So, how do the three C’s map on to concrete metrics of executive performance? Let’s take a quick look.
In their 2017 HBR article, Onboarding Isn’t Enough, Byford, Watkins, and Triantogiannis outlined 5 critical tasks that new executives must undertake as quickly as possible if they are to be successful. Here they are along with how each of the three C’s factor:
- Assuming Operational Leadership. Operational leadership refers to demonstrating awareness of critical operational needs and doing what it takes to address them. This requires new executives to accelerate learning, match strategies to situations, and secure early wins. Specific competencies (KSEs) are king here.
- Taking Charge of the Team. Taking charge of the team refers to confirming or adjusting team composition and goals. This is often one of the most sensitive and challenging early tasks for leaders in new positions, as there is a narrow window of opportunity to accurately assess and decisively act with respect to team composition. It’s also a critical time for first impressions regarding leadership skills—chief among them communication and trust. All three C’s are at play here with an emphasis on chemistry. The most effective leaders know how to build and manage high-functioning teams.
- Aligning with Stakeholders. Aligning with stakeholders refers to developing productive relationships with key decision makers. Relationships with bosses, peers, and colleagues are critical for understanding decision-making and require substantial energy—especially for outside hires. Chemistry and culture are critical here. Executives must effectively manage up, down, and across the chain of command. Soft skills (chemistry) and cultural awareness/sensitivity are essential to do so.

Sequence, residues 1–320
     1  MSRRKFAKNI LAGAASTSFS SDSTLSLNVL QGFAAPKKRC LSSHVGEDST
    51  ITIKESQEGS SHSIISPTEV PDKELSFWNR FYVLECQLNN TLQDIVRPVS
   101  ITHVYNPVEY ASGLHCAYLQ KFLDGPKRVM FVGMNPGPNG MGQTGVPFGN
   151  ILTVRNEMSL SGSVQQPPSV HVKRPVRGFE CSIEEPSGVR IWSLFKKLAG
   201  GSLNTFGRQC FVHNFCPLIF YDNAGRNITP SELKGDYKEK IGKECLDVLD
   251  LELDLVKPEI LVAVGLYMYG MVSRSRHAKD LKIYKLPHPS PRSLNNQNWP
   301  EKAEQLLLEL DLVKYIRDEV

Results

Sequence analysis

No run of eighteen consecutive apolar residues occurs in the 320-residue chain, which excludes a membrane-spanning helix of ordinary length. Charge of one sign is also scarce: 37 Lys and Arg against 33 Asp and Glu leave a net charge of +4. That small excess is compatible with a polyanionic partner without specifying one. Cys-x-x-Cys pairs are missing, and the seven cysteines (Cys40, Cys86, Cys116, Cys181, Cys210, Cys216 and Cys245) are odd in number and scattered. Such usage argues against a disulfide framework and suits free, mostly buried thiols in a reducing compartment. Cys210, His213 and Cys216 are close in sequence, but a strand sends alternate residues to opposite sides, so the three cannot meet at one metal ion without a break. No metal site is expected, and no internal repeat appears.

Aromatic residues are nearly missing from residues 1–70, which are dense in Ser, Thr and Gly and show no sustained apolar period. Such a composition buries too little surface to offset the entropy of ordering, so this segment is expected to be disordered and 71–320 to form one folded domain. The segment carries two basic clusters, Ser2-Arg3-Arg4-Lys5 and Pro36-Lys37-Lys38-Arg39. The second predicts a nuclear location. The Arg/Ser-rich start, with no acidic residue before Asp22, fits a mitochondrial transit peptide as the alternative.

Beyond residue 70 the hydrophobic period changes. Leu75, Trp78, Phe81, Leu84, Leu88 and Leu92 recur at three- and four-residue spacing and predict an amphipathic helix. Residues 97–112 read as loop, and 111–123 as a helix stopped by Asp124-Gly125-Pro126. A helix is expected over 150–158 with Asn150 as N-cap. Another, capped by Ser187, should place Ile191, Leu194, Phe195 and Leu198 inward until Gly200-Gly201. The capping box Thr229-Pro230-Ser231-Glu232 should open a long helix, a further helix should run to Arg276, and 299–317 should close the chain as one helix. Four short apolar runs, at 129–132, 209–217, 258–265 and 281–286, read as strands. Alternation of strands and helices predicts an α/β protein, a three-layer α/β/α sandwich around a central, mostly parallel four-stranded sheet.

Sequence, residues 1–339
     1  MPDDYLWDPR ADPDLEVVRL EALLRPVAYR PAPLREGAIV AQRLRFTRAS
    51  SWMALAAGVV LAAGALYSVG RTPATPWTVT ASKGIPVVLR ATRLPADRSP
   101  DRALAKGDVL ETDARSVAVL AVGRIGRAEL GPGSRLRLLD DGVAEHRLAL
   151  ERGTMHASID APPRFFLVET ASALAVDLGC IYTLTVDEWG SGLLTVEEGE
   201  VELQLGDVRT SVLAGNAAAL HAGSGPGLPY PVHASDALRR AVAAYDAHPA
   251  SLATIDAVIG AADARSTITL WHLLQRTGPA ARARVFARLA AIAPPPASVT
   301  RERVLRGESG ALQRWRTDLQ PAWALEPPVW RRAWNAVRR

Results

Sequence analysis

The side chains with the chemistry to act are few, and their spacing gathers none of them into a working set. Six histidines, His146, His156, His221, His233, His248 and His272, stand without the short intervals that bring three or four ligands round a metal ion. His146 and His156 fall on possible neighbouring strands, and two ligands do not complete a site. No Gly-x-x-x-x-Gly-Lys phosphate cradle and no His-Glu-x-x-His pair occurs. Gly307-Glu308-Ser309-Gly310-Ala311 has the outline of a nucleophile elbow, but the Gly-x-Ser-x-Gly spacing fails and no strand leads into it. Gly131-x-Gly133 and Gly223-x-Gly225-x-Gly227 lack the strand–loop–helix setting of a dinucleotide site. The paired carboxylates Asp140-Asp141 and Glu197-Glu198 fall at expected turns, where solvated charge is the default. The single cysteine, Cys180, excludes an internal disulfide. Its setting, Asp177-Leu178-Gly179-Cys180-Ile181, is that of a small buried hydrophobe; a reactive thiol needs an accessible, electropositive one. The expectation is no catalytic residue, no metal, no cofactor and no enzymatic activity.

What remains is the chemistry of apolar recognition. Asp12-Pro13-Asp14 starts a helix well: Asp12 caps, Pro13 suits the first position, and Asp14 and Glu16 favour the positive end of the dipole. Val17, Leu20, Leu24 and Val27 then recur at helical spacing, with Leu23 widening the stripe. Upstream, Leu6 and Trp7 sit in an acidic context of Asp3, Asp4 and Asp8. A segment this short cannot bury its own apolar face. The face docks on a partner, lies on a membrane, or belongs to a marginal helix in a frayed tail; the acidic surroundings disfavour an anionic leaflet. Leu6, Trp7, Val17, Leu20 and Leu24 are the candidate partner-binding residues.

- Integrating with the Culture. Integrating with the culture refers to understanding and engaging the norms, values, and critical assumptions of the organization. Every organization has a unique culture and associated (behavioral) norms. New executives need to pay careful attention to cues and learn to work within the culture, even if the goal is to eventually change it. Obviously, culture is king here, but chemistry is also essential.
- Communicating strategic intent. Communicating strategic intent refers to shaping strategy and articulating a path forward. Regardless of the specific talents for which an executive is hired, effectively communicating vision and strategy is essential. As with taking charge of the team, all three C’s are again at play, but with relatively equal emphasis—competencies (KSEs) drive strategic intent, which must be then communicated clearly and effectively (chemistry) in such a way that it motivates and engages the masses through a shared sense of purpose (culture).
There’s something about things that come in threes, and it’s not just the letters OCD. From a psychological perspective, triangulating individual behavior depends heavily on three critical variables—intelligence, personality, and driving values. The similarities with predicting executive performance are immediately obvious, albeit somewhat more dimensional.